At the same time, social roles and sexual scripts influence how emerging adults navigate their desires in a particular socio-cultural context proximate level explanations. It is important to point out that many sociocultural theorists disagree with the idea that culture offers only a proximate level explanation for human sexual behavior. However, it is not the goal of this review to resolve this debate. Instead, we attempt to articulate better the multitude of factors that shape the rich variety of human sexuality to enhance understanding of uncommitted sex among emerging adults.
In the next two sections, we will introduce both evolutionary and social script views of uncommitted sex, to simultaneously consider the influence of each on hookup culture. Human evolutionary behavioral studies attempts to explain sexual behavior by understanding our evolutionary history and how this may influence behavioral patterns in a given environment.
There are several different midlevel evolutionary or biological theories about the nature of human sexual behavior.
A hookup culture is one that accepts and encourages casual sexual encounters, including The hookup culture is vaguely defined due to a variety of perspectives taken on this subject related human sexuality. It is hard to make sense of the. The emergence of sexual hookup culture provides a case of human social Operational definitions of hookups differ among researchers.
These theories seek to understand the way evolutionary pressures influence human sexual propensities, variation, and, in some cases, sex differences. This logic is based on the premise that, compared to asexual reproduction, sexual reproduction is quite costly. Sexually reproducing organisms pay many costs, including the time, energy, and resources spent in finding and attracting mates—tasks that are unnecessary for asexual reproducers Daly, Offsetting the costs of sexual reproduction in large-bodied organisms is the benefit sexual reproduction provides against easy colonization by parasites and pathogens Van Valen, Sexual reproduction scrambles up genes, creating genotypes that are novel environments and forcing the parasites and pathogens to begin anew in their quest to exploit the host.
Thus, large-bodied organisms with long lifespans generally benefit evolutionarily from sexual reproduction despite its substantial costs. In humans, producing a viable offspring, from gestation through lactation, takes females longer than it takes males. The sex with the faster potential reproductive rate— generally males— can benefit by attempting to co-opt the reproductive effort of multiple members of the opposite sex.
However, the sex with the slower potential reproductive rate— generally females—will be operationally in short supply relative to the sex with the faster potential reproductive rate, simply because it takes them longer to complete a reproductive venture. Males are predicted to compete for access to the reproductive potential of the slower sex; this generates expectations of psychological and physical adaptations in males that enhance their chances of success, including aggression and an array of physical features e. Females are predicted to be choosy concerning their mates because they invest more in each offspring, and they stand to lose more if they make a poor reproductive choice.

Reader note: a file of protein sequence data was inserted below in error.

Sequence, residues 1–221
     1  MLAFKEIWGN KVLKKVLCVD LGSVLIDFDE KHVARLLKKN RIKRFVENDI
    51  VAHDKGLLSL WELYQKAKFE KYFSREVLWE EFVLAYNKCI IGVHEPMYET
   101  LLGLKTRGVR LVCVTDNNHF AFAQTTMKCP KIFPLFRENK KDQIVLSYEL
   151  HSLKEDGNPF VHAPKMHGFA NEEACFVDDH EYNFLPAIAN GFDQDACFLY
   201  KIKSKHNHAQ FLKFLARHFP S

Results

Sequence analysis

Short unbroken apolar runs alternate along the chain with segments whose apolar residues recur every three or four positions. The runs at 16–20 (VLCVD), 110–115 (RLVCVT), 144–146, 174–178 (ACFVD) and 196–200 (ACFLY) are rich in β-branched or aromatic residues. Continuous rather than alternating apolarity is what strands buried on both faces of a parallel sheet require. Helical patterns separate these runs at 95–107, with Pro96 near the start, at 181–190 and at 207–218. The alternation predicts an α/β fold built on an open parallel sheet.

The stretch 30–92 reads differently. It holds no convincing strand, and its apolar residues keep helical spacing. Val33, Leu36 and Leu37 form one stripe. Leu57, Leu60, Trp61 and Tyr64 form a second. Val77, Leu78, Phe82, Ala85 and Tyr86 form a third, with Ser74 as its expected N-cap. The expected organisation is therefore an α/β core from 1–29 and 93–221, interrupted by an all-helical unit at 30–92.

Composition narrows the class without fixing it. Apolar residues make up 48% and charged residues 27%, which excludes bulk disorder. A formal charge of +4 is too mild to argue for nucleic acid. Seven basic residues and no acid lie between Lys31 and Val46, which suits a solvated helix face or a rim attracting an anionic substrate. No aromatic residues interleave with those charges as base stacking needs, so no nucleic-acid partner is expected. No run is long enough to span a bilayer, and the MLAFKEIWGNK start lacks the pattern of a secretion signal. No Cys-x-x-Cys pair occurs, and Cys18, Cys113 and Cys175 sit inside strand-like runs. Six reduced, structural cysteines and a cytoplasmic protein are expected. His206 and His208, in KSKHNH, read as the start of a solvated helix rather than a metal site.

Relative parental investment costs are thought to be the arbiters of mating behaviors Trivers, Thus in sex role reversed species where males provide a majority of parental support, it is females that are then expected to compete more for mates and be more indiscriminate in their mating Alcock, Because females choose males on the basis of critical features and resources, males are expected to compete with other males to acquire and display these features and resources. This provides a basic framework with which to begin, and in humans we expect complex cognitive processes to be overlaid on it.
In this view—sexual strategies theory—men prefer as many mates as possible, including short-term sexual encounters that can potentially maximize reproductive output. Men will attempt to mate with a maximum number of partners sexual variety , consent to sex more quickly than women, and provide minimal resources to any but long-term partners, only conceding to a long-term relationship for the purposes of enhancing offspring vitality Symons, ; Buss, Also in this view, women are expected to prefer long-term relationships to extract a maximum amount of resources from mates.
In measuring propensities for nonrelational sex, a variety of studies conducted within North America have demonstrated that men consistently have higher sociosexuality scores than women Schmitt, Several scholars have argued that the degree to which evolution shapes mating behaviors, including sociosexuality, will be contingent on particular environmental conditions Frayser, ; Low, ; Schmitt, To support the idea that sociosexuality is likely a combination of evolved sex-specific mating strategies and social structural factors, in a study of over , participants from 53 nations, Lippa demonstrated that although consistent sex differences emerged, gender equality and economic development tended to predict the magnitude of sex differences in sociosexuality more permissive.
Similarly, Wood and Eagly have endorsed a biosocial model for understanding sex differences cross-culturally that takes into account multiple levels of analyses, including biological constraints alongside social and economic constraints. In support of evolved sexual strategies, in a cross-cultural study of 16, individuals across 52 nations, Schmitt et al. Using the short-term seeking measure asking participants on a 7-point scale whether they are actively seeking a short-term mate , they reported that, in North America, relatively more men Of note, using the cross-cultural responses of those who are single excluding those currently involved in a relationship , Evolutionary-inclined researchers have often used these findings to point to the adaptive nature of sex-specific mating strategies see Schmitt, These data demonstrate fairly modest relative sex differences in propensities toward sex beyond a committed relationship—which are indeed important to document.
Yet, a cross-cultural sex difference of This is especially true considering that, compared to males, the relative risks of sexual behavior are higher for females: Although there is a reasonable proportional difference between sexes, there are still nearly two thirds of unpartnered women interested in uncommitted sex and over one fifth of unpartnered men who are not interested in this activity. In short, there is significant overlap between the sexes and significant variation within the sexes.